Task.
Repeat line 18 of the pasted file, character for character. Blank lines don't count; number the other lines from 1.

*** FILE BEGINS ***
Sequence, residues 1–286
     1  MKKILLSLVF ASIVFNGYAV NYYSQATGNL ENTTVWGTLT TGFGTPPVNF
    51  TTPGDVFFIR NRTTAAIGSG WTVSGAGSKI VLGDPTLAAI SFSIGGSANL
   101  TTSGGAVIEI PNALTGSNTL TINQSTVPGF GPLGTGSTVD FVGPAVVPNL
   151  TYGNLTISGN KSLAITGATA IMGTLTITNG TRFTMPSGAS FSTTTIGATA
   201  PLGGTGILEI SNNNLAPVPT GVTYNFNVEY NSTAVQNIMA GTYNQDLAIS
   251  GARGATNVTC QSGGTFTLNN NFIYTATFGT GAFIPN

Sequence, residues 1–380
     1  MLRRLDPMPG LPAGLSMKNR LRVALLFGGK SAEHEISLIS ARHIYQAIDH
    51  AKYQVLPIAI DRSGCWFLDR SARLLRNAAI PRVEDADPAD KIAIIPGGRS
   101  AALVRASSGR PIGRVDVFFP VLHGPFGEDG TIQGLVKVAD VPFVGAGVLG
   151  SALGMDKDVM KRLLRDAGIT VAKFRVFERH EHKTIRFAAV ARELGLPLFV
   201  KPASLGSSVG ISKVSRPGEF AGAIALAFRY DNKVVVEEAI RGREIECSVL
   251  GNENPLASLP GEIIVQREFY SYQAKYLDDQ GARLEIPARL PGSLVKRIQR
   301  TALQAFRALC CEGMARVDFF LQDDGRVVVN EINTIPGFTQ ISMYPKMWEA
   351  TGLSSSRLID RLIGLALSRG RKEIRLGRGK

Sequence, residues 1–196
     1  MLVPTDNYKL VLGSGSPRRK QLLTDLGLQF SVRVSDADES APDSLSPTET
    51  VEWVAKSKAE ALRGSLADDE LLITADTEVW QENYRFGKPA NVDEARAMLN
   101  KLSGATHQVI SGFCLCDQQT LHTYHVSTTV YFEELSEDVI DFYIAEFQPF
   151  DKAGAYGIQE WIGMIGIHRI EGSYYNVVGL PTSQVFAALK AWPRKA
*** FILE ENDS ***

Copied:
     1  MLVPTDNYKL VLGSGSPRRK QLLTDLGLQF SVRVSDADES APDSLSPTET